In his windowless office and courtroom at the Solano County Justice Center in Vallejo, Judge Dan Healy works to channel the spirit of Aloha.

Not the hang-loose attitude found in Hawaii, but the state’s Aloha Spirit law. The statute defines the Aloha spirit as acting with kindness, patience and humility while working in harmony and unity.  A framed copy of the law hangs at eye level beside the door to Judge Healy’s chambers.

“It’s a real law in Hawaii,” Judge Healy says, smiling as he talks about the unique law.  “The Aloha spirit is all about being cool, treating each other well. I try to do that always.”

Posters of Grateful Dead and Santana concerts, golf trophies, his father’s “Judge Healy” nameplate and other memorabilia adorn the current Judge Healy’s office. He became a Superior Court judge in January 2011 after 24 years in private practice and is currently assigned to Family Law Court.

“I used to say I never wanted to be a judge. I liked being an advocate. But I was getting a little frazzled by being an advocate,” he says. “And I like the idea that people who think like me are here.”

Judge Healy, 52, was born and raised in Vallejo. He and his wife moved to Benicia in 1989 and raised their two children here. While in private practice, he served as a judge pro tem several weeks a year plus volunteered with several organizations, including the Benicia Planning Commission, the Affordable Housing Affiliation, and the Solano County Bar Association. He had to give up many of his volunteer posts when he became a judge, but he remains on the board of Vallejo Community Access TV.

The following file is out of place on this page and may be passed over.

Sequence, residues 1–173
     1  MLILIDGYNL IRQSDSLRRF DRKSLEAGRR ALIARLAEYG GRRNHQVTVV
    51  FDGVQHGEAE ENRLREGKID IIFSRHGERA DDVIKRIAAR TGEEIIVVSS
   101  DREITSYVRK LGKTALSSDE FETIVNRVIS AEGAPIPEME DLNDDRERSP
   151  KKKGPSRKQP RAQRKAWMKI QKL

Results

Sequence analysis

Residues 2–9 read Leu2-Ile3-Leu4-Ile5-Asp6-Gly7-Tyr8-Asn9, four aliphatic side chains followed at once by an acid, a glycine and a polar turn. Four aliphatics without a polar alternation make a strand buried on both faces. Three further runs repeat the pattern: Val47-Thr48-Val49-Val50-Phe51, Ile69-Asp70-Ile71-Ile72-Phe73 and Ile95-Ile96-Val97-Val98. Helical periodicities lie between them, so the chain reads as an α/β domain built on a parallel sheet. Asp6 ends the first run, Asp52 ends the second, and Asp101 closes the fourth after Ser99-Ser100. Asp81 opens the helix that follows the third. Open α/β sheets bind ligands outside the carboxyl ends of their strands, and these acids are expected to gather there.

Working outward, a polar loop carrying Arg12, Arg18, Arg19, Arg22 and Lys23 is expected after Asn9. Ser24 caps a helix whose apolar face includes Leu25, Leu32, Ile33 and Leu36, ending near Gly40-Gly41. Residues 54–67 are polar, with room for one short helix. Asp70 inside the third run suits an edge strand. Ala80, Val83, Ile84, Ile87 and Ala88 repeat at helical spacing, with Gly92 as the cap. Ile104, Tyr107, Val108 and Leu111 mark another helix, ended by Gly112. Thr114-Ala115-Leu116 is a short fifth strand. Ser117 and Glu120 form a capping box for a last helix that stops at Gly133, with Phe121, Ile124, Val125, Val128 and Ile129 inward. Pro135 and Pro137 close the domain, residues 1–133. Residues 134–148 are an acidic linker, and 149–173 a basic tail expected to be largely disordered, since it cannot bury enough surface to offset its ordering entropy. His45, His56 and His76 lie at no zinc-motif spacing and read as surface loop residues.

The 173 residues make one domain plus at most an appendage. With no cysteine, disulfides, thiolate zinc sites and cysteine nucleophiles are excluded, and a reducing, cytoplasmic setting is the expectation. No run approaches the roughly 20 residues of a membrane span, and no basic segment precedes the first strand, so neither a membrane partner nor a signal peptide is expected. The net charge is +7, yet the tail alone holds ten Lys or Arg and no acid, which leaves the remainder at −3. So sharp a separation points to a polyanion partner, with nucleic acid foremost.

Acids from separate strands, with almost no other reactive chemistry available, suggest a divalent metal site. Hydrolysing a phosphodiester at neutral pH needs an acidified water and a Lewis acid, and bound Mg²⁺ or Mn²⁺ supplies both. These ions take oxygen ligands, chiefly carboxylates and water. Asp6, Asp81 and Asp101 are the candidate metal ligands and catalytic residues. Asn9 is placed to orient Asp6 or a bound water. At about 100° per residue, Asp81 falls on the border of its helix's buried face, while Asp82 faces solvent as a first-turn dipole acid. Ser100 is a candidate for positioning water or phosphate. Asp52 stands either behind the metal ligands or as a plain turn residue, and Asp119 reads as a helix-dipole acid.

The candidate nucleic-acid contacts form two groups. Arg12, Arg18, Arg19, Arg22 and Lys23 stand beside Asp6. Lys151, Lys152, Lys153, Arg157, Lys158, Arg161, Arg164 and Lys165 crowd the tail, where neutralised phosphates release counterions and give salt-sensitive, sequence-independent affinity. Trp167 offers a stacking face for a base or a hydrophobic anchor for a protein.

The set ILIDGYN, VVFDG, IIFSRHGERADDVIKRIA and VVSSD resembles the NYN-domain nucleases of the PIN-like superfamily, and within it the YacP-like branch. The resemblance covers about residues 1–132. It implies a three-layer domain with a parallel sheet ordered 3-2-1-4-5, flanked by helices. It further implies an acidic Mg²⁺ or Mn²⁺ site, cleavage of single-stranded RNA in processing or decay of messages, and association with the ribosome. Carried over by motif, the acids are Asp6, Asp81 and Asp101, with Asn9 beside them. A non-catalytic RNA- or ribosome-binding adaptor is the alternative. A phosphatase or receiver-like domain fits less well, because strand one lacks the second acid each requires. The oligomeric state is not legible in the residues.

Why did you want to be a judge? It was a way to stay involved with the law. … The Planning Commission was one of the segues for me to becoming a judge. Being on the Planning Commission and chairing it, I thought, “I kinda like this, I kinda like making decisions rather than being the flame thrower.” I’d still be on the Planning Commission if I could. …

One of the reasons I knew maybe it was time to move on was that I got worse waiting for juries to come back. My anxiety would rise.  I tried a lot of jury trials over the years. I became more fidgety, more impatient. I usually felt vested with the client.

Also, I turned 50 and I wanted to dial back on the business part of it all. That’s been a very nice thing about this gig. I don’t have to worry about payroll or clients calling me. The stress of that has diminished a lot. My nights and weekends are completely reinvented. For 20 years, I was in the office really late, on nights and weekends. Here I can go home.

What other differences do you see between being a lawyer and being a judge? Your duty is completely different. When you represent someone, your duty is to advocate a certain position. Whereas, as a judge, you have to let the process play out and keep an open mind. As an advocate, you are not responsible for the ultimate outcome. On the flipside, judges are responsible for that decision.  …

I did criminal trials all last year. That’s a completely different thing. I could do work (while waiting for jury) as a judge. Before, I never could. Now I worry more about whether I made the right decision.